“As a leader in the Jewish community,” he wrote, “I am particularly alarmed by today’s McCarthyist tactic of manufacturing an antisemitism scare, which, in effect, turns the very real issue of Jewish safety into a pawn in a cynical political game to cover for Israel’s deeply unpopular policies with regard to Palestine...”

“What makes this trend particularly disturbing,” Steinberg continued, “is the power differential: Billionaire donors and the politically-connected, non-Jews and Jews alike on one side, targeting disproportionately people of vulnerable populations on the other, including students, untenured faculty, persons of color, Muslims, and, especially, Palestinian activists.”

While the targeted presidents, within the context of Western colonization and liberation were correct to take the stand they did, the deniers of liberation and freedom demonstrated that they will go to unprecedented lengths to protect their privileges and power, especially at the expense of people of color, whether Black academics in America or poets in Palestine.

It didn’t take long for the University of Pennsylvania’s Liz Magill — who had already been under attack for allowing UPenn to host the Palestine Writes Literature Festival in September, the “only North American literature festival dedicated to celebrating and promoting cultural productions of Palestinian writers and artists” — to resign and the stage was set for the high-value lynching of Harvard’s Claudine Gay.

That Harvard, with it’s $50 billion endowment and a highly-competent stable of accomplished advocates, intellectuals, could not defend itself or its president against a campaign of lies, misinformation, and intimidation speaks, I believe, more to the fact that they could not recognize the nature of threat confronting it.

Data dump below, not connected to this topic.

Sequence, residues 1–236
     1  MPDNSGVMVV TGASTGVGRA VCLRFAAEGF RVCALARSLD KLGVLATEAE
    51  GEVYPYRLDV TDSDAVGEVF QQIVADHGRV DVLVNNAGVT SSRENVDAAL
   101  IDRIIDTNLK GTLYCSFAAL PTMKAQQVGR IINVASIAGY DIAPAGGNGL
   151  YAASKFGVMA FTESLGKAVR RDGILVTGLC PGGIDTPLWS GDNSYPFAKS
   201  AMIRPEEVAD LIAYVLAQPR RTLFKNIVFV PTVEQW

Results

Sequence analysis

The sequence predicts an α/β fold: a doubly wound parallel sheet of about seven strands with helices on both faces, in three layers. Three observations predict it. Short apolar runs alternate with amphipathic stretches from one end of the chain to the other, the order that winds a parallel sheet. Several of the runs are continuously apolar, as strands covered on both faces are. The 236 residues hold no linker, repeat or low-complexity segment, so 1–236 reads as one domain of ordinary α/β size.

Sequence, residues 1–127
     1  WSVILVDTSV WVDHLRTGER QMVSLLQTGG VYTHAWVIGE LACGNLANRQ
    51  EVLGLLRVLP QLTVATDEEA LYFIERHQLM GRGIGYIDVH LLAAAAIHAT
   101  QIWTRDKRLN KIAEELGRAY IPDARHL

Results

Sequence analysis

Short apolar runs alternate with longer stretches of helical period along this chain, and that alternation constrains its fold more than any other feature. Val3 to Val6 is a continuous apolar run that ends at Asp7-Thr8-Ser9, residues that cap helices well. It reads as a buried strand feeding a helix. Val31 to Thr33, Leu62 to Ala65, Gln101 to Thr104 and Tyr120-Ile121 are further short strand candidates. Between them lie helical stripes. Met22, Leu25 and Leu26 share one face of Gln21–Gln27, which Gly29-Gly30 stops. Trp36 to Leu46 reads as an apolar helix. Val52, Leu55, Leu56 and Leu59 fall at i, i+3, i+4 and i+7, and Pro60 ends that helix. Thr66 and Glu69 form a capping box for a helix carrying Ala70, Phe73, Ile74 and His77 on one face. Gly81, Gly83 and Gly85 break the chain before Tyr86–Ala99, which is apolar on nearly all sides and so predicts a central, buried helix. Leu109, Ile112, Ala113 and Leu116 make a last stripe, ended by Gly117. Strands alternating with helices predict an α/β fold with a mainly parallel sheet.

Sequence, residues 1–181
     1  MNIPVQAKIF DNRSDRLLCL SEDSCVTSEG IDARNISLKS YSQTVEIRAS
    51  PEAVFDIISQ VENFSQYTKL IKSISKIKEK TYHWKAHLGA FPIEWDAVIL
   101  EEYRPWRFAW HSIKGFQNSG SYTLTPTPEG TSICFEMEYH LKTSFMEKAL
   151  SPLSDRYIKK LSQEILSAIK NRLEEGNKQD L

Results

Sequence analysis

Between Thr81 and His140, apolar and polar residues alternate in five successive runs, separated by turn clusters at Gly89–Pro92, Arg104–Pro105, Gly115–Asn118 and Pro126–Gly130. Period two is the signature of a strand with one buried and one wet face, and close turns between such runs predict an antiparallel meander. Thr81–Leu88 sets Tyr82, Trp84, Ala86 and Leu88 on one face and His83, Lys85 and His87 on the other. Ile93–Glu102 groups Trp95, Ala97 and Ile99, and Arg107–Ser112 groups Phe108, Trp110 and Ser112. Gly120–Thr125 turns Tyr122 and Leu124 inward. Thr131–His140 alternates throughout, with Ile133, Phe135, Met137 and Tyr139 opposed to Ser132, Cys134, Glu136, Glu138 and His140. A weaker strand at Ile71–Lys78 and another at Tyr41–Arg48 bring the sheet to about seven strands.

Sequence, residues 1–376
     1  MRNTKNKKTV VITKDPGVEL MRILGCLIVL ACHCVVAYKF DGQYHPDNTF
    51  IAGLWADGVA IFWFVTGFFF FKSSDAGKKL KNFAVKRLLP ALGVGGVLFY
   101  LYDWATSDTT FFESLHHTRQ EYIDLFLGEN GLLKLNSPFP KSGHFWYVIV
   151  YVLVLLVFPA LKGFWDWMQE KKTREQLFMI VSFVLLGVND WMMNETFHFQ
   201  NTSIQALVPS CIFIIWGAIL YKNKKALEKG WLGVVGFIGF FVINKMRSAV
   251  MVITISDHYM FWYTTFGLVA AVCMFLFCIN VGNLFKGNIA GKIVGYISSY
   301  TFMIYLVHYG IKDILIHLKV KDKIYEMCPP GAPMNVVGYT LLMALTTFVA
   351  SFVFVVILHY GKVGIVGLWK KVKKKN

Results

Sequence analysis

A threat that intends to delegitimize and disenfranchise people unlike themselves; a threat that espouses book banning, demonizing LGBTQIA+ peoples, limiting American history to white history, marginalizing minority communities and people of color, denying bodily autonomy and reproductive rights to women; a threat that expresses solidarity with authoritarian and repressive regimes internationally.

Simply expressed, the attack on three university presidents is an attack on the diversity of America, on the promise that all people are created equal.

Gay was lynched not because she was an antisemite or a plagiarist, but because her academic success and high-profile progressive interests challenged established mythologies of white nationalists and settler colonialist interests.

From Malcolm X and Muhammad Ali to Palestinian support for resistance in Ferguson, Mo. intersectional conversations are not new to anyone who knows Black history. Black Americans have often perceived the Israeli-Palestinian conflict through a prism of resistance and liberation, preferring Frantz Fanon and Paulo Freire to Henry Kissinger, Bill Clinton, and George W. Bush.

The war is not over. In their attempts to overturn affirmative action, overturn diversity, equity and inclusion efforts and until America returns, in their fevered imagination, to a nation where white dominant ideology is triumphant.

It’s snowing outside. As it falls I’m reminded of one of my daughter’s favorite books, Jan Brett’s “Annie and the Wild Animals.” Its first two lines, which we often quote, usually metaphorically, are “It had been snowing for days. Winter was lasting too long.”

Perhaps, I wonder, as I consider whether to go outside and start cleaning the snow off my car, is if we should consider whether the truth of Harvard is if their most pressing problem today is whether they can find enough qualified teachers to meet student demand for a course on Taylor Swift.

Recently, on X, a message inquired “Are you a Taylor Swift ‘Lover’? Harvard University is seeking teaching assistants for a new course in the spring that is all about the superstar singer-songwriter and her global impact.”

300 students signed up for the course: Winter, indeed, is lasting far too long.